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Posts Tagged ‘seatbelt usage’

Highway Deaths Drop to 62-Year-Low

Seatbelts, more advanced technology -- and improved emergency care all contributed.

by on Dec.10, 2012

Highway fatalities continued declining - and improved emergency care has clearly played a factor.

Traffic fatalities fell to their lowest level in more than six decades last year, according to a new analysis by federal regulators, continuing a decade-long decline – though there are some preliminary signs that the death rate may have turned back upward in 2012.

The ongoing decline appears to show the benefits of the latest advanced safety technology, like electronic stability control – some of which can “compensate for poor judgment” — as well as increased usage of simpler, time-tested devices such as seatbelts. Experts also give credit to increased enforcement, especially the crackdown on drunk driving.  Yet another factor, though, may also be the medical knowledge gained from two long wars.

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“The latest numbers show how the tireless work of our safety agencies and partners, coupled with significant advances in technology and continued public education, can really make a difference on our roadways,” says U.S. Transportation Secretary Ray LaHood. “As we look to the future, it will be more important than ever to build on this progress by continuing to tackle head-on issues like seat belt use, drunk driving, and driver distraction.”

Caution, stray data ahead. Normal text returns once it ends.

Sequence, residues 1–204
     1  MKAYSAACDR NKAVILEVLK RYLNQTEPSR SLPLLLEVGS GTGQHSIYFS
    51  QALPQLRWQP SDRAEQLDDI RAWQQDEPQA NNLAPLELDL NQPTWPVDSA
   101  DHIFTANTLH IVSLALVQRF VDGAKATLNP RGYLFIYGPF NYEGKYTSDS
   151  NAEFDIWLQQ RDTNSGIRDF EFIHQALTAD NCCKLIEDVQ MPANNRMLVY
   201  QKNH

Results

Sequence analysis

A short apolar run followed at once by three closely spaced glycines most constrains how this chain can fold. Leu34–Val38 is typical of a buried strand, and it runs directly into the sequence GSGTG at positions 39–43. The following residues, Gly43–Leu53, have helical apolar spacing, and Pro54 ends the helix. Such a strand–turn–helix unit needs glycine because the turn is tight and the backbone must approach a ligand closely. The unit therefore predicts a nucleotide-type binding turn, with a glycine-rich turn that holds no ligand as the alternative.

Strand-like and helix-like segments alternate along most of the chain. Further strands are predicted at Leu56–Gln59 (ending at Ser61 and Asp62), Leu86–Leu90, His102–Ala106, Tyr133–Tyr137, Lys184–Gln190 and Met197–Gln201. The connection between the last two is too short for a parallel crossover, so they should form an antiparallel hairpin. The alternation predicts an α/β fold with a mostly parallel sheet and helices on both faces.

Seatbelt Usage Soars to Record 85%

Why do the other 15% have a death wish?

by on Jan.06, 2011

The kid is no dummy. Americans are buckling up more than ever.

If you’re one of those who can’t even move the car up the driveway without having a seatbelt on, don’t feel alone.  According to the latest survey by the Centers for Disease Control, more Americans than ever are clicking it – but the study also raises questions about those who won’t buckle up despite overwhelming evidence that seatbelts are the most effective safety device ever added to the automobile.

The CDC found that 85% of American motorists are wearing their belts, a dramatic, nearly eight-fold increase over the last 30 years.

“Not wearing seatbelts is costing us lives and money,” said CDC Director Dr. Thomas Frieden. Buckling up, he stressed, “cuts in half the chance of being seriously injured or killed in a crash.”

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The good news is that increased seatbelt usage appears to be paying off in the steady decline in traffic injuries and fatalities.  The highway death rate, which peaked in 1988 at 47,087, fell by nearly a third, to 33,000 in 2009, the latest year for which federal data are available.

Still, an estimated 2.3 million Americans were treated in emergency rooms for crash-related injuries in 2009 and the CDC estimates the annual cost of medical care related to vehicular collisions totals more than $11 billion.